MediaMain article: Media in Baltimore
Baltimore's main newspaper is The Baltimore Sun. It was sold by its Baltimore owners in 1986 to the Times Mirror Company, which was bought by the Tribune Company in 2000. The Baltimore News-American, another long-running paper that competed with the Sun, ceased publication in 1986.
The city is home to the Baltimore Afro-American, an influential African American newspaper founded in 1892.
In 2006, The Baltimore Examiner was launched to compete with The Sun. It was part of a national chain that includes The San Francisco Examiner and The Washington Examiner. In contrast to the paid subscription Sun, The Examiner was a free newspaper funded solely by advertisements. Unable to turn a profit and facing a deep recession, The Baltimore Examiner ceased publication on February 15, 2009.
Nielsen ranked Baltimore as the 26th-largest television market for the 2008–2009 viewing season and the 27th-largest for 2009–2010. Arbitron's Fall 2010 rankings identified Baltimore as the 22nd largest radio market.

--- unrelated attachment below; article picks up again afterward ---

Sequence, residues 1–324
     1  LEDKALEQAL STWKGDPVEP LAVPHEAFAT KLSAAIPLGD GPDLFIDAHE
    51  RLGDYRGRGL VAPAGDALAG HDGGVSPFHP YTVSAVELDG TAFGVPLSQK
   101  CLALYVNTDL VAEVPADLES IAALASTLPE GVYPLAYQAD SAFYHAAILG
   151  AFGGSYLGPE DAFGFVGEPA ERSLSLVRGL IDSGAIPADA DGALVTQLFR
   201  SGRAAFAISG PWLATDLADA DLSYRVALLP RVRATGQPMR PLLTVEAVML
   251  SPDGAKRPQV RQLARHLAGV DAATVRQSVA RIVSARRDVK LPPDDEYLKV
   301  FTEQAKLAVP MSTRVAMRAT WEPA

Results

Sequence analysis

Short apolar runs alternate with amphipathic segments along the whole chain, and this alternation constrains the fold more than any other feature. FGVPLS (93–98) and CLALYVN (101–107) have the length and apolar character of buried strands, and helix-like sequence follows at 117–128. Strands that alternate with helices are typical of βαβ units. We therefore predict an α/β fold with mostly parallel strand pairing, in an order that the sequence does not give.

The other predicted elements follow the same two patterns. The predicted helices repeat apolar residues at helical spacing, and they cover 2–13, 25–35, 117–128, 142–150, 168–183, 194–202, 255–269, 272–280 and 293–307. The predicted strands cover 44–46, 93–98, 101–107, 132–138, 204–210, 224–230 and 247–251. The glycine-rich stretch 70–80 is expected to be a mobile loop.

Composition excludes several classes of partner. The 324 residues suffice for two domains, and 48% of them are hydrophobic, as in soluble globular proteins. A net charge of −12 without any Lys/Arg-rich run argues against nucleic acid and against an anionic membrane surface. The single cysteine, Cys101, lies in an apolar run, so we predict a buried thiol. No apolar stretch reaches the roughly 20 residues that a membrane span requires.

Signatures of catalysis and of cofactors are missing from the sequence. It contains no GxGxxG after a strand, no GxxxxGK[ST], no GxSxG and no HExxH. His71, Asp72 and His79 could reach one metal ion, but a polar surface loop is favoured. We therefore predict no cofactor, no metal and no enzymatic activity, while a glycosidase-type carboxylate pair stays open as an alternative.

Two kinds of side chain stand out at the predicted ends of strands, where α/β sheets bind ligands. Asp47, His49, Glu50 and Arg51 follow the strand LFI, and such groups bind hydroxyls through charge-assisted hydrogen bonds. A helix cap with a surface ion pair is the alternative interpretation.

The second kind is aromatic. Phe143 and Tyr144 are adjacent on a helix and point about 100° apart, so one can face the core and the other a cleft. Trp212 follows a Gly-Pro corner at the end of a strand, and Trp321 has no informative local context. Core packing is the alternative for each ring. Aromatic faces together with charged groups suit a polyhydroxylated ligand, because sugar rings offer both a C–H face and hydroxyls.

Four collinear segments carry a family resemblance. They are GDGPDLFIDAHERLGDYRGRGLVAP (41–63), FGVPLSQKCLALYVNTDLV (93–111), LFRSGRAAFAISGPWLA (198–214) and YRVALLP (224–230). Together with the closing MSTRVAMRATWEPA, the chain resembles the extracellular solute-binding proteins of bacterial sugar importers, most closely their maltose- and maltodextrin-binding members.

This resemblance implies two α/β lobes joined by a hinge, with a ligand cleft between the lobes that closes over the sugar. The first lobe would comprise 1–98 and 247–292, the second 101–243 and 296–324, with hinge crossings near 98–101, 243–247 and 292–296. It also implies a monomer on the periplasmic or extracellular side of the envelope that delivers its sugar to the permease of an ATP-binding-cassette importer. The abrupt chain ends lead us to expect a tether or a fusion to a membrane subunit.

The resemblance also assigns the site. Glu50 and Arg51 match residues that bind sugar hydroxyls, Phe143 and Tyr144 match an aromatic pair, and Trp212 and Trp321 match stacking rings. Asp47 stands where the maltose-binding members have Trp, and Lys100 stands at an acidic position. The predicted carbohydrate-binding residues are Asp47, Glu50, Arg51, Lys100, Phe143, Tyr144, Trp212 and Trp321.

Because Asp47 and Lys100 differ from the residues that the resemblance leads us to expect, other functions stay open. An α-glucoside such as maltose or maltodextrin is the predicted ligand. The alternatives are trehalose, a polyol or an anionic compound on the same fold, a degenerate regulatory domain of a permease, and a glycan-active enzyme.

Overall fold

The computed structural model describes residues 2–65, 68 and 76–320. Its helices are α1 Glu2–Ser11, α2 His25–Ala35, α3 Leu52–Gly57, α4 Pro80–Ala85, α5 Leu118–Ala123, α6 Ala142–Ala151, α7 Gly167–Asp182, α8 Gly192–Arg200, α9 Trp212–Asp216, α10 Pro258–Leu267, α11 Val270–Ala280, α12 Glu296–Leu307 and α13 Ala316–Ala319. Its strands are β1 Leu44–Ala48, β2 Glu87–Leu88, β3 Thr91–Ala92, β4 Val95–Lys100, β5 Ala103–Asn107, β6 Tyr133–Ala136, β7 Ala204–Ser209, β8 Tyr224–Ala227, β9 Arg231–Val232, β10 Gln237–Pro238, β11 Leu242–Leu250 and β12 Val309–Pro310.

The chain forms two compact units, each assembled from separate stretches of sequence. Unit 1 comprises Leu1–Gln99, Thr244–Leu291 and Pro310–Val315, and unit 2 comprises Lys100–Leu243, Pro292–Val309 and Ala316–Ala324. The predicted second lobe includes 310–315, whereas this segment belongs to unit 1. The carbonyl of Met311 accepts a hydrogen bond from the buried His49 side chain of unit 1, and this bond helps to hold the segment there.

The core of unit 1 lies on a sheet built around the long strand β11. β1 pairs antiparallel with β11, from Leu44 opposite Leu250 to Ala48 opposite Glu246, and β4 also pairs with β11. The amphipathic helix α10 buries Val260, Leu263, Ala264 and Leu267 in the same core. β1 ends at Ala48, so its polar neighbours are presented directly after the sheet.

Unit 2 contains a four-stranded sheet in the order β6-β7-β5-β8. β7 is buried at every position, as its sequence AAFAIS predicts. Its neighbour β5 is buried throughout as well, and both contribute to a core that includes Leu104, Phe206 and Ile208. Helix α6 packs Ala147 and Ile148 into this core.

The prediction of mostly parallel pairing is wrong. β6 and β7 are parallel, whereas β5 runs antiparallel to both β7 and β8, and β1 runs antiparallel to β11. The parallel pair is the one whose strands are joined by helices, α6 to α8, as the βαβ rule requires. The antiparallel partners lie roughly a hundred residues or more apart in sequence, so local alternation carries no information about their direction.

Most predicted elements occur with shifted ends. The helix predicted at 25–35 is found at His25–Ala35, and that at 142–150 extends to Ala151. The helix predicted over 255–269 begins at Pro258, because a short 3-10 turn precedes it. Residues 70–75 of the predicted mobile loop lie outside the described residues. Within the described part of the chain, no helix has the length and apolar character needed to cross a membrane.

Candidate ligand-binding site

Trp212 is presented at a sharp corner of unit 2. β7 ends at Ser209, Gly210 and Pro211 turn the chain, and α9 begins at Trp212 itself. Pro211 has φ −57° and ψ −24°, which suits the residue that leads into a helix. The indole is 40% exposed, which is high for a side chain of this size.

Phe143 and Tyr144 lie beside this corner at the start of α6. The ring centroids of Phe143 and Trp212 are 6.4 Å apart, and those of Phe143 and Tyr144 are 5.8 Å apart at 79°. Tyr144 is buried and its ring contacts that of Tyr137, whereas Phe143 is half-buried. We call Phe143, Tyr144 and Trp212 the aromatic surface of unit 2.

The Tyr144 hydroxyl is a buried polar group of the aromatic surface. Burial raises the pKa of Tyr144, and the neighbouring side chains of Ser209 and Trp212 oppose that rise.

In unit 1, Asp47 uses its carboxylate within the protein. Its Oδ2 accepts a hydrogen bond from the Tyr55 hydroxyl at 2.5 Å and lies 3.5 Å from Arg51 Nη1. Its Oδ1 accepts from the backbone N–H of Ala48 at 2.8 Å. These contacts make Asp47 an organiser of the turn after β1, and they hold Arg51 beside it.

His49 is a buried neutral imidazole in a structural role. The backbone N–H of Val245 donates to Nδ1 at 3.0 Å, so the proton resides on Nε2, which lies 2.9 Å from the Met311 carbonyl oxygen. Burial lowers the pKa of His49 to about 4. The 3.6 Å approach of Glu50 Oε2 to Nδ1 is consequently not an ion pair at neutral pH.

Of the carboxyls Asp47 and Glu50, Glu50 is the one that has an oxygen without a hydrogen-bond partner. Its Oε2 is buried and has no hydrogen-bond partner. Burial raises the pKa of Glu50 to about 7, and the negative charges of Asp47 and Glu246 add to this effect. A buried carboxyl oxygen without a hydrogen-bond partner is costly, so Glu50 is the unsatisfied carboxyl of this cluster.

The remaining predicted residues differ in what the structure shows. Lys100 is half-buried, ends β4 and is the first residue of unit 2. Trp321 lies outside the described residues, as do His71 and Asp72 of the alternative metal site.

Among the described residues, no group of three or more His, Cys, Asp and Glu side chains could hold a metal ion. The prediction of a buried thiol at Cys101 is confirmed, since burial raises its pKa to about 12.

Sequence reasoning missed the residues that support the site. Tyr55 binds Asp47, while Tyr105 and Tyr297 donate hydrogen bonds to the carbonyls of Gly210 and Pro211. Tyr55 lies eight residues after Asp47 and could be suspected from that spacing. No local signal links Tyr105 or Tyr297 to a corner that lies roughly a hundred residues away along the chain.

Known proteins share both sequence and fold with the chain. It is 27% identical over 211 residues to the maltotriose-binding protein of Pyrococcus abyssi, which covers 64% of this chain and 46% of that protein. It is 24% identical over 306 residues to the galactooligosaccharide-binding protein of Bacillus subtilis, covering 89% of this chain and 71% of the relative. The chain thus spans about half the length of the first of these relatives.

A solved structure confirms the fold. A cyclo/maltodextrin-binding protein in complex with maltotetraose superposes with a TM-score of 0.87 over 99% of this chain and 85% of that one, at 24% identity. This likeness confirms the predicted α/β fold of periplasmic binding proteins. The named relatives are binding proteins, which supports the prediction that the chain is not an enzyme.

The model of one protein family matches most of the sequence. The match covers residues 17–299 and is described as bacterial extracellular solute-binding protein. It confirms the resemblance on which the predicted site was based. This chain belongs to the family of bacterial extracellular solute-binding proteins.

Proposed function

Read more about this topic: Baltimore
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Famous quotes containing the word media:
“The media no longer ask those who know something ... to share that knowledge with the public. Instead they ask those who know nothing to represent the ignorance of the public and, in so doing, to legitimate it.”
—Serge Daney (19441992)
“One can describe a landscape in many different words and sentences, but one would not normally cut up a picture of a landscape and rearrange it in different patterns in order to describe it in different ways. Because a photograph is not composed of discrete units strung out in a linear row of meaningful pieces, we do not understand it by looking at one element after another in a set sequence. The photograph is understood in one act of seeing; it is perceived in a gestalt.”
—Joshua Meyrowitz, U.S. educator, media critic. The Blurring of Public and Private Behaviors, No Sense of Place: The Impact of Electronic Media on Social Behavior, Oxford University Press (1985)
“Few white citizens are acquainted with blacks other than those projected by the media and the socalled educational system, which is nothing more than a system of rewards and punishments based upon ones ability to pledge loyalty oaths to Anglo culture. The media and the educational system are the prime sources of racism in the United States.”
—Ishmael Reed (b. 1938)